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Swans, Cygnini

Family: Anatidae

Genus Coscoroba

Swans, genus Cygnus, are birds of the family Anatidae, which also includes geese and ducks. Swans are grouped with the closely related geese in the subfamily Anserinae where they form the tribe Cygnini. Sometimes, they are considered
a distinct subfamily, Cygninae. There are six to seven species of swan in the genus Cygnus; in addition there is another species known as the Coscoroba Swan, although this species is no longer considered related to the true swans.

Swans usually mate for life, though 'divorce' does sometimes occur, particularly following nesting failure.
The number of eggs in each clutch ranges from three to eight.

Subfamily: Anserinae

Genus Cygnus:
Subgenus Cygnus
Mute Swan, Cygnus olor, is a Eurasian species that occurs at lower latitudes than Whooper Swan and                  Bewick's Swan across Europe into southern Russia, China and the Russian Maritimes.

Subgenus Chenopis
Black Swan, Cygnus atratus of Australia, and introduced in New Zealand.

Subgenus Sthenelides
Black-necked Swan, Cygnus melancoryphus of South America.

Subgenus Olor
Whooper Swan, Cygnus cygnus breeds in Iceland and subarctic Europe and Asia, migrating to temperate                   Europe and Asia in winter.
Trumpeter Swan, Cygnus buccinator is the largest North American swan.
                  Very similar to the Whooper Swan (and sometimes treated as a subspecies of it),
                   it was hunted almost to extinction but has since recovered.
Tundra Swan, Cygnus columbianus is a small swan which breeds on the North American tundra,
                   further north than Trumpeter Swan. It winters in the USA.
   Bewick's Swan, Cygnus columbianus bewickii is the Eurasian form which migrates from Arctic Russia to                    western Europe and eastern Asia (China, Japan) in winter.
   Whistling Swan, Cygnus columbianus columbianus,

Genus Coscoroba
Coscoroba Swan, Coscoroba coscoroba

Engelsk Norsk Latinsk
Mute Swan Knoppsvane Cygnus olor
Black Swan Svartsvane Cygnus atratus
Black-necked Swan Svarthalssvane Cygnus melanocoryphus
Trumpeter Swan Trompetersvane Cygnus buccinator
Whooper Swan Sangsvane Cygnus cygnus
Tundra Swan Dvergsvane Cygnus columbianus
Coscoroba Swan 1) Coscorobasvane Coscoroba coscoroba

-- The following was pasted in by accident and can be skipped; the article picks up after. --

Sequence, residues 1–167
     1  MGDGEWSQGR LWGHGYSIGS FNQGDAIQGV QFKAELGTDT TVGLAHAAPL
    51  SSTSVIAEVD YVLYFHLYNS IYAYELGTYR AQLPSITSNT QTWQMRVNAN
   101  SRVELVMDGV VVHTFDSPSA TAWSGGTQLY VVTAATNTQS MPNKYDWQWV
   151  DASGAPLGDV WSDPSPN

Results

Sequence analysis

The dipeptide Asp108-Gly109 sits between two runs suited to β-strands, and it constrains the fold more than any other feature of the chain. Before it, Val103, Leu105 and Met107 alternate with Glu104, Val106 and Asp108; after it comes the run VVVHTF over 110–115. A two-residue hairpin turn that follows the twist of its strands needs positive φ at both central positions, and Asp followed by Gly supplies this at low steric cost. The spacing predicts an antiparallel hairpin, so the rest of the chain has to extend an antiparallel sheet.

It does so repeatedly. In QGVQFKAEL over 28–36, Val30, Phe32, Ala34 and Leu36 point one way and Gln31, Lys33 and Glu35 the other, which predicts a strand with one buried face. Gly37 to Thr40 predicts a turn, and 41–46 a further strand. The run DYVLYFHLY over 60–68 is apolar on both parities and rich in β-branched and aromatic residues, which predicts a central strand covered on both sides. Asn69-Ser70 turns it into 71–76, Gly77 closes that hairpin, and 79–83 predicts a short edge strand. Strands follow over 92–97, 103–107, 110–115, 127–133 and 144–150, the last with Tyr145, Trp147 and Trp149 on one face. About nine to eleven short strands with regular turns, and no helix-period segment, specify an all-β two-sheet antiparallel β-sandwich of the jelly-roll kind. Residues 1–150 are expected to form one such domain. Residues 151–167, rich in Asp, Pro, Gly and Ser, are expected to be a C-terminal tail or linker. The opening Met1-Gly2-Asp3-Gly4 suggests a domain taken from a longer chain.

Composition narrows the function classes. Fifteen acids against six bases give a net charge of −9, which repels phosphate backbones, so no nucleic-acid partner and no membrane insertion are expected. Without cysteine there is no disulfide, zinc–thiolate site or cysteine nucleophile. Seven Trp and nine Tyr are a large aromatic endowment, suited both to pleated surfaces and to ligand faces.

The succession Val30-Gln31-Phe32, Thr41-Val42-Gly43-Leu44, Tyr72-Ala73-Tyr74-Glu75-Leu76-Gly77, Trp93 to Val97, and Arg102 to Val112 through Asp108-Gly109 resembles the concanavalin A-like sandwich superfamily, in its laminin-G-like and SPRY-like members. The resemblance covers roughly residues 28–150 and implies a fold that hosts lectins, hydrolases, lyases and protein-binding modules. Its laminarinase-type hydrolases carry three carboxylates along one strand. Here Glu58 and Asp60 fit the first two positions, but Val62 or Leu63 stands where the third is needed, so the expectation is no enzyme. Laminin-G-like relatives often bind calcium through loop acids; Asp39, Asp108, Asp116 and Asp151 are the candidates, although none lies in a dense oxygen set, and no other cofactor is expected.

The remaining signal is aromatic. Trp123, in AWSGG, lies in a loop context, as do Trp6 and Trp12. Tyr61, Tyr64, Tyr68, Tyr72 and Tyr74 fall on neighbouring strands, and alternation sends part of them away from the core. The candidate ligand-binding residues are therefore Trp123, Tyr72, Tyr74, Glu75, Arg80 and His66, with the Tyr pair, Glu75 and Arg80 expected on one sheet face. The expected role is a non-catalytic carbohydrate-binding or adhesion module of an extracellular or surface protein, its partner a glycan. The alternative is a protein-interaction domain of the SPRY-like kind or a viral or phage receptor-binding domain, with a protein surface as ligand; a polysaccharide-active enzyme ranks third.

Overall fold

Coscoroba Swan at Slimbridge Wildfowl and Wetlands Centre, England
Photo: Adrian Pingstone

1) The Coscoroba Swan, Coscoroba coscoroba, is a species of waterfowl inhabiting southern South
America. It is the smallest of the birds called "swans", but still a large species of waterfowl, averaging
4.2 kg (9.3 lbs), 1 m (3.3 ft) long and 1.57 m (5.2 ft) across the wings. It belongs to the subfamily
Anserinae in the family of ducks, swans, and geese, Anatidae.
It is placed in the monotypic genus Coscoroba.

List of norwegian names: Source: Norsk Ornitologisk Forening

Bewick's Swan, Jan. 2006, Saitama JAPAN
Photo: Maga-chan

The Tundra Swan, Cygnus columbianus, is a small Holarctic swan. The two taxa within it are usually regarded as conspecific, but are also sometimes split into two species, Cygnus bewickii, Bewick's Swan of the Palaearctic and the Whistling Swan,
Cygnus columbianus proper, of the Nearctic. Birds from eastern Russia (roughly east of the Taimyr Peninsula) are
sometimes separated as the subspecies Cygnus columbianus jankowskii, but this is not widely accepted as distinct, most
authors including them in Cygnus columbianus bewickii. Tundra Swans are sometimes separated in the genus Olor together with the other Arctic swan species.

The Tundra Swan, Cygnus columbianus is the smallest of the Holarctic swans, at 115–150 cm in length, 168–211 cm in
wingspan and a weight range of 3.4–9.6 kg. In adult birds, the plumage of both subspecies is entirely white, with black feet,
and a bill that is mostly black, with a thin salmon-pink streak running along the mouthline and – depending on the subspecies
– more or less yellow in the proximal part. The iris is dark brown. In birds living in waters that contains large amounts of iron